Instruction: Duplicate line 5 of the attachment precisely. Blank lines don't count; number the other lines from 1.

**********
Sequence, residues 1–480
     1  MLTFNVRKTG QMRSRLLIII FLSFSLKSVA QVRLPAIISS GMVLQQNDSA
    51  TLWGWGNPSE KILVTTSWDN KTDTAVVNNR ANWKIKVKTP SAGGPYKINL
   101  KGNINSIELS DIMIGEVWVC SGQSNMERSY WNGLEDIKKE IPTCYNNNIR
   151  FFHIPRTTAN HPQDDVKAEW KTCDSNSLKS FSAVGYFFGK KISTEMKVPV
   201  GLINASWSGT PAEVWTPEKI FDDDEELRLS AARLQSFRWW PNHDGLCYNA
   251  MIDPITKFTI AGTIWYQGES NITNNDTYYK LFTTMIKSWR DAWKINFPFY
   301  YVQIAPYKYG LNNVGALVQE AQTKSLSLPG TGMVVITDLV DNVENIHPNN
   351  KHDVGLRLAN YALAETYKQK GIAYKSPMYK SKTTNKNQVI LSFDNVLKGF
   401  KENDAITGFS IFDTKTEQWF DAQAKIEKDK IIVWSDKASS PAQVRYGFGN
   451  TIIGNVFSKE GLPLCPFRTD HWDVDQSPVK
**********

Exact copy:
   151  FFHIPRTTAN HPQDDVKAEW KTCDSNSLKS FSAVGYFFGK KISTEMKVPV